Sir Max Hastings, former editor of The Daily Telegraph and interviewer of Princess Diana, said the people’s Princess once approached him in the months leading up to her explosive interview with BBC Panorama, in which she discussed her unsettled marriage to Prince Charles. Sir Hastings said Diana had voluntarily taken part in a “gripping” interview ahead of that one, which was never published.
The journalist said the interview was never published because of details which made him feel “sorry for her”.
He also said he thought “my job was to try and help them keep a lid on the worst of this”.
However, speaking to Channel 4 recently, the former Telegraph editor has revealed some details of the interview.
He said: “She said that all she cared about was William’s succession to the throne and she said to me, quite explicitly, ‘I don’t think Charles can do it’.
“The outcome she wanted to see was for Charles to stand aside as heir… and for William to occupy the throne.”
Succession to the throne is currently strictly regulated in more than one way.
Descent plays a part, but so do laws passed down by government.
READ: Queen and Prince Philip honour Prince William by handing over TWO patronages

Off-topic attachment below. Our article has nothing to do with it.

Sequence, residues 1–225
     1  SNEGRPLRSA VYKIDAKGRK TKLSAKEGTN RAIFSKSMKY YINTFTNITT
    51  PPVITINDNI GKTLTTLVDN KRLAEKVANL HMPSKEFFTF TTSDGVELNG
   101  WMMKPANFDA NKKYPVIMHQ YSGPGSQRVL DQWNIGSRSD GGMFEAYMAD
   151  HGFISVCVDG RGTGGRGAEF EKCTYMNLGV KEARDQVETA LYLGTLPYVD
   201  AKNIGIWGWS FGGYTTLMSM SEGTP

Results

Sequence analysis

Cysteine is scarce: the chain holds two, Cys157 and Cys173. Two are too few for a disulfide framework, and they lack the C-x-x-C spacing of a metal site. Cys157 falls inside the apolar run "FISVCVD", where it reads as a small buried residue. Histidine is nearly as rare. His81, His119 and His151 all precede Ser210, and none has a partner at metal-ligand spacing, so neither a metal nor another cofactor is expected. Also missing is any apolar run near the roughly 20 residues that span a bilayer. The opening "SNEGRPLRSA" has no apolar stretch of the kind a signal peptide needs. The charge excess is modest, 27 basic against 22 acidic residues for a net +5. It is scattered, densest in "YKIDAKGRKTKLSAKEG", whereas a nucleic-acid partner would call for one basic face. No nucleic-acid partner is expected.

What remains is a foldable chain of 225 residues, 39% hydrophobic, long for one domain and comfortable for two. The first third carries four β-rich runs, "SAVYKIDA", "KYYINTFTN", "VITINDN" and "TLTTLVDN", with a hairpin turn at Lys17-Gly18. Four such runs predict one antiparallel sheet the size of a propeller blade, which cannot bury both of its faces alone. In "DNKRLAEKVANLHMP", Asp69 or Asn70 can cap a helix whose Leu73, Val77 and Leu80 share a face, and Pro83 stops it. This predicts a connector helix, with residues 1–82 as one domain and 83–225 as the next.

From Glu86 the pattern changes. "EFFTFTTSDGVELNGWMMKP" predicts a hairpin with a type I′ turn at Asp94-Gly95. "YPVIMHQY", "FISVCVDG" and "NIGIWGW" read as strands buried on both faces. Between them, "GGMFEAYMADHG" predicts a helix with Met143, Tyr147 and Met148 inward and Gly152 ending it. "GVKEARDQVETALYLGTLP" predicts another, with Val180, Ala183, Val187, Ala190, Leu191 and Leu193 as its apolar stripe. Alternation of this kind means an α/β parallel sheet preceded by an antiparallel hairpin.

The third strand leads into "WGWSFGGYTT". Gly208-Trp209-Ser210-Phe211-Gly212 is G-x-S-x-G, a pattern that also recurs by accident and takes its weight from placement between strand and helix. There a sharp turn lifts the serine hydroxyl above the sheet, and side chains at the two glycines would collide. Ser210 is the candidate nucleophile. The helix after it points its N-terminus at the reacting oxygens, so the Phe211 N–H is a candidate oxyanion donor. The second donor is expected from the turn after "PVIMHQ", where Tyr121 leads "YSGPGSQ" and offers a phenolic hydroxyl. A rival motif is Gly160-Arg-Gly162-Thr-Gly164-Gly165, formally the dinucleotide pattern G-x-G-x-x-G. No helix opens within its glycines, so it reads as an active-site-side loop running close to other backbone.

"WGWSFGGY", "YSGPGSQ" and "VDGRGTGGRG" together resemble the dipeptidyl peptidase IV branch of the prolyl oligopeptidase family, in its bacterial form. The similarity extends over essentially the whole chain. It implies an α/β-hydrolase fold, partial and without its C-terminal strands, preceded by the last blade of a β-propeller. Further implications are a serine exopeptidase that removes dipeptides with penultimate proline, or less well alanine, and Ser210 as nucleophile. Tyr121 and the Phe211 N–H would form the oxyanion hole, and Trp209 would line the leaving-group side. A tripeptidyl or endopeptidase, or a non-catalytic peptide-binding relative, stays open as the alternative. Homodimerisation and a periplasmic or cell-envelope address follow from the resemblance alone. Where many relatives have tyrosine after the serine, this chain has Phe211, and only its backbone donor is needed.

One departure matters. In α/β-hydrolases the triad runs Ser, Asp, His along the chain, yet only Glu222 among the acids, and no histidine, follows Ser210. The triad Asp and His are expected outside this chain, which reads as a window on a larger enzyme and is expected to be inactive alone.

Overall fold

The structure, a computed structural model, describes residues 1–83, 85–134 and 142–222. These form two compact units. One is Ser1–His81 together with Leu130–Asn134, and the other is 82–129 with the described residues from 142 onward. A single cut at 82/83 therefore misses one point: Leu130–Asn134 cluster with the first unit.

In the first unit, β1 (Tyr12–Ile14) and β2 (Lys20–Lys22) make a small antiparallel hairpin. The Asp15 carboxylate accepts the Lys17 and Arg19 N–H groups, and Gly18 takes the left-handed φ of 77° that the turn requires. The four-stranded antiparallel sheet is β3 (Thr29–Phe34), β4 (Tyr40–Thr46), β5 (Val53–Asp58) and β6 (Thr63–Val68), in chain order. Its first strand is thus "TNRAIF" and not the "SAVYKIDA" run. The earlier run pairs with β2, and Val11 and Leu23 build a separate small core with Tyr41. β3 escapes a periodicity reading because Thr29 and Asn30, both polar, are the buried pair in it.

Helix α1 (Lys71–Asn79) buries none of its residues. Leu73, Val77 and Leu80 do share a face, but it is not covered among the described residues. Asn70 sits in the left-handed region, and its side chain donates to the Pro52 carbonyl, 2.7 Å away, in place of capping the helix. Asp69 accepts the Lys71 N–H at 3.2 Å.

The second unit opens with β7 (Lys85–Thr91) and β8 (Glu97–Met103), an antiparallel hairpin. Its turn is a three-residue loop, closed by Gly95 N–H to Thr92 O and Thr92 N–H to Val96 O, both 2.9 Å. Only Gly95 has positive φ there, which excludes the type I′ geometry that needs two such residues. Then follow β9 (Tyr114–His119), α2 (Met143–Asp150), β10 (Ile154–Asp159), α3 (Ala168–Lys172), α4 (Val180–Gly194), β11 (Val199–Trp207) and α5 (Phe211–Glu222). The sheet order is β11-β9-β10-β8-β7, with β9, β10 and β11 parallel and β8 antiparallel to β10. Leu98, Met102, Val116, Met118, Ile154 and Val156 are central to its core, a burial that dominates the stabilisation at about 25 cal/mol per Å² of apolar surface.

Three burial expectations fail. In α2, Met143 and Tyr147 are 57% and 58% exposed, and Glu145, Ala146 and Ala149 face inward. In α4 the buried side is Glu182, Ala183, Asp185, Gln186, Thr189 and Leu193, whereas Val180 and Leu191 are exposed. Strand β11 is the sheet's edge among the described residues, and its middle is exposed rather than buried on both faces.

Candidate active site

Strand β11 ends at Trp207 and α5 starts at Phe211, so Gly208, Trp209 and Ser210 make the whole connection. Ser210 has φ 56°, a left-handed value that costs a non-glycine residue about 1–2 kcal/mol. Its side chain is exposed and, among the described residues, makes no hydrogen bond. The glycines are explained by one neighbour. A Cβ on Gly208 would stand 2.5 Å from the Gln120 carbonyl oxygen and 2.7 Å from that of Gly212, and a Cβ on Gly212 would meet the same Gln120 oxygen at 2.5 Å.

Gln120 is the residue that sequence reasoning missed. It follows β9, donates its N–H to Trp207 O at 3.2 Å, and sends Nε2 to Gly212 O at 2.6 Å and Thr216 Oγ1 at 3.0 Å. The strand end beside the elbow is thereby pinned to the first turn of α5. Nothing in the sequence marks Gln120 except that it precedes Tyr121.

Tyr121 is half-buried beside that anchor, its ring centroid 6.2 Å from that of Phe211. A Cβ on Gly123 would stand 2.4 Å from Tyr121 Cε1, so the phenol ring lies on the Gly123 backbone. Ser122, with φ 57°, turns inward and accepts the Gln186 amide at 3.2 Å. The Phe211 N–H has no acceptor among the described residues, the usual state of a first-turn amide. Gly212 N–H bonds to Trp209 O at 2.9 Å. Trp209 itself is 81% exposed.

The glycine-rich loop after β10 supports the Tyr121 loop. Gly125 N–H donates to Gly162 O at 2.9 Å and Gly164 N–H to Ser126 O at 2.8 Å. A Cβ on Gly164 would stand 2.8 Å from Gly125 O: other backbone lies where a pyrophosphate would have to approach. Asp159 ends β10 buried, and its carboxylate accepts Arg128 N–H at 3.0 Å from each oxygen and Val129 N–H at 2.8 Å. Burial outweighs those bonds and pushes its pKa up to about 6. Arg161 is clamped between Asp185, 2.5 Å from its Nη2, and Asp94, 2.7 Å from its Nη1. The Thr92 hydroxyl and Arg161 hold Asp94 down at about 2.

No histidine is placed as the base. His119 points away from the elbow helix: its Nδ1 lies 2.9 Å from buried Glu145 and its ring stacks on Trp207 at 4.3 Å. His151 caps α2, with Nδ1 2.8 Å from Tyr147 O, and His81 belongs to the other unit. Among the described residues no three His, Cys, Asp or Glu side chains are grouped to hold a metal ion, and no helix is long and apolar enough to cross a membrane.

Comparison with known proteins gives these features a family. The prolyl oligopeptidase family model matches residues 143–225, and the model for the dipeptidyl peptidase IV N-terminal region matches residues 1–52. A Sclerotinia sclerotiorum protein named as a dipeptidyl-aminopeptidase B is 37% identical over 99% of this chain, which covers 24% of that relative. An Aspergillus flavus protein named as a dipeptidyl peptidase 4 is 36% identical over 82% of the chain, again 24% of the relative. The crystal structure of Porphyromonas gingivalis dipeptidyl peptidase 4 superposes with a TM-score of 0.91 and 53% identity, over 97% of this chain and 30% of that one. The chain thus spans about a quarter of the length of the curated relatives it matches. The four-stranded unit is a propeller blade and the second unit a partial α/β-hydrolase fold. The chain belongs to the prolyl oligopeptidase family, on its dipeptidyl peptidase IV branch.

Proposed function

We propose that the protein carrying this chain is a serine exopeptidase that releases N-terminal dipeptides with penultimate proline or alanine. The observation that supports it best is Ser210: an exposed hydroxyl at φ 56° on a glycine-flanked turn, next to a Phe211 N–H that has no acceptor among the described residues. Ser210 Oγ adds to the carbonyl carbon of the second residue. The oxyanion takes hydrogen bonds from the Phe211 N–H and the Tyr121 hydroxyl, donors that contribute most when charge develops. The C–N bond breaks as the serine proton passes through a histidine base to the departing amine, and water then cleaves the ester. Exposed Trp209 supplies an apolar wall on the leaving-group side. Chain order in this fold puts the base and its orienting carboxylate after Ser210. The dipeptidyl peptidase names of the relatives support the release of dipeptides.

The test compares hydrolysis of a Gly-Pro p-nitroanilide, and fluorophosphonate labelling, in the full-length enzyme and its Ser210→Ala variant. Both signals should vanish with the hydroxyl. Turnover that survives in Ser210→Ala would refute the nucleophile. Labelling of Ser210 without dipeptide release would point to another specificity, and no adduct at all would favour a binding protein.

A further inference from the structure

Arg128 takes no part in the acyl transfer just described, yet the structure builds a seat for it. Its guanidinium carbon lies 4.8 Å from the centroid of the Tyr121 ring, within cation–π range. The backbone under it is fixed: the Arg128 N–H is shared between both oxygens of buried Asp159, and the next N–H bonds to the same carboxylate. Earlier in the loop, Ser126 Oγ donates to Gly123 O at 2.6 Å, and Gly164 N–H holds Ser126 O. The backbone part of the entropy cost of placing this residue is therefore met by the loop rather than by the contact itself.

In 2013, the Succession to the Crown act changed the Bill of Rights and the Act of Settlement to alter the rules.
Before the act was passed, males received preference in line to the throne so a younger son could overtake an older daughter. The 2013 legislation ended this particular system.
It also meant anyone who married a Roman Catholic would no longer be disqualified from holding a place in the line of succession.
In any case, Sir Hastings said he was “amazed by the frankness and directness” shown by Princess Diana in the alleged interview.
Recently, the Queen and Prince Philip handed down two royal patronages to Prince William.
The two environmentally-related patronages follow the Duke of Cambridge speaking out about the environment himself.
The Queen passed her patronage of Fauna & Flora International to William, while Philip passed on his British Trust for Ornithology patronage.
Royal commentator Richard Fitzwilliams said the two patronages signalled the Queen and Prince Philip “clearly have confidence” in William’s “abilities”.
He added William and wife Kate have “exemplars” in how they have conducted royal duties.